Is there such a thing as “Plavac Veliki”?

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So, we know and it’s well established that Plavac Mali (“the little Plavac”) is probably the best known and appreciated indigenous Croatian red wine variety (if you disagree with this statement, please continue reading this anyway). The name comes from the fact that the berries on the Plavac Mali grape are quite small and packed. So, yeah, quite an obvious question poses itself: is there such a thing as “Plavac Veliki” (“the big Plavac”)? The answer is, and you guessed it, I’m sure: yes and no.

Let me explain: there are several wine varieties that are erroneously called “Plavac Veliki” (or Veli, which is synonymous). Maletić and co-authors in their Green Book of Indigenous Grapevine Varieties of Croatia mention Plavac Veli(ki) four times, related to four different varieties. One of those varieties mentioned in the book is Plavac, accentuated differently in Croatian than you would usually pronounce the varietal name, is an almost completely forgotten indigenous variety from the northern island of Krk, often was referred to as Plavac Veli. These days it’s almost non-existent because of the low quality of wine it gives, and it has absolutely no relation to the star of this article, Plavac Mali.

The other three varieties are south-dalmatian, as is Plavac Mali; two of those are said to be erroneously called Plavac Veliki: Dobričić, which we know quite well as one of the parents of Plavac Mali and a very local variety of Kaštela called Ljutun, a variety that was never too relevant for winemaking and has (as far as we know) no relation to Plavac Mali, except for the fact that sometimes it was called Plavac Veliki by mistake (and that mistake is even listed in the “Nacionalna lista priznatih kultivara vinove loze”, a official document by the Ministry of Agriculture listing all the known cultivars in Croatia).

The fourth variety nicknamed Soić is probably the one that is most closely related to Plavac Mali, and probably has the strongest claim to the name. It has other names as well, the authors mention Glavinuša in that book, and Glavinuša is also a name used for another variety: the one that is, in fact, a direct descendant of Plavac Mali! Anyway, Soić is a quite rare variety, some sources say that it’s just one of many clones of Plavac Mali, of much lower quality, larger berries and higher acids, but almost unusable for vinification, except in blends where the acids from Soić are needed to make a better wine. So, when you see that Plavac Veliki (although, that will be quite a rare occasion as well) is listed as a variety in a blend, it probably stands for Soić!

There are other varieties with similar names, sounding similar to Plavac Mali:

  • Plavac Mali Sivi (Plavac Mali the grey, not related to Gandalf) is a mutant of the Plavac Mali grape that just isn’t dark enough – it’s brightly pink or “grey”, and produces white wines. It has not been around for long, it was first noticed in the sixties and then forgotten, but recently found again and some research has been done on it, as well as some vineyards on Korčula planted with Plavac Mali that gives white wines. The results are not spectacular, but let’s give it some more time,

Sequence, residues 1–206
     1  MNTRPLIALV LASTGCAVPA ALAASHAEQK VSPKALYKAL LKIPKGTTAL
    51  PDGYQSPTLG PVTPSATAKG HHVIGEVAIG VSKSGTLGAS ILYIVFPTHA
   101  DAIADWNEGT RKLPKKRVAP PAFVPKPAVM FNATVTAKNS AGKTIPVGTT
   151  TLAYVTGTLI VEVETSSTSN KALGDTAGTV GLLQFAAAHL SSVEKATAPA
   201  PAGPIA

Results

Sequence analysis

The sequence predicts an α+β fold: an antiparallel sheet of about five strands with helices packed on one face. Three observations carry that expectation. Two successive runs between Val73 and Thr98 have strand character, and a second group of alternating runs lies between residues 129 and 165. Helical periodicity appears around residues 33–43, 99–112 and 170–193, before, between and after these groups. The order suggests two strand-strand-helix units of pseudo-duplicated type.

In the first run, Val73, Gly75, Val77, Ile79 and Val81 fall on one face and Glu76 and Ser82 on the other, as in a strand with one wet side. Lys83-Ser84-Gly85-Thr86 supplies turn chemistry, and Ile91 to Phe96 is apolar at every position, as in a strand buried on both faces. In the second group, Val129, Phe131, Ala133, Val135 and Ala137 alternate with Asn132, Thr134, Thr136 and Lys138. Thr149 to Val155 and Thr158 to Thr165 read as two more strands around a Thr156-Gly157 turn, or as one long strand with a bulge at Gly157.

• Plavac Runjavac, a very old variety, related to Plavac Mali, an exceptionally sour grape (that much so that the ancient story goes that even the birds wouldn’t eat it, even at the peak ripeness) that is almost completely lost and has not been used to make wine since the early 20th century,
  • Plavec Žuti, a white wine variety from the central Croatia, in the region near the Slovenian border which used to be considered a variety that came from Moldavia, but that claim has since been disproven. This last variety has absolutely nothing to do with Dalmatian Plavac Mali, obviously.

Tomić winery on Hvar is one of the rare wineries acknowledging that their Plavac wine is a blend of Plavac Mali, Plavac Veliki and Darnekuša. I asked them what exactly they mean when they say “Plavac Veliki”, and Silvana Sanseović told me that what they mean is a mutant, similar to Plavac Mali Sivi mentioned before, the result of the clone selection in which the clones with larger berries are selected and used for future production. She mentions other similar mutations, such as the sweet one, early one etc, and says that they have some of the “Plavac Mali Veliki” in their vineyards.

So, no, there’s no such thing as “Plavac Veliki”. There is, however, a chance that you might hear someone usiAcng that phrase to describe grapes or wines, and in those situations they might be referring to either the old variety of Soić, almost lost and forgotten in Dalmatia, or the Plavac Mali Veliki clone – Plavac Mali mutant that was selected just because it had somewhat larger berries.

PS: Wikipedia says that sometimes Zinfandel, or as we call it Tribidrag can also be called “Plavac Veliki”. I was not able to find any Croatian source that would confirm this statement.

Plavac Mali


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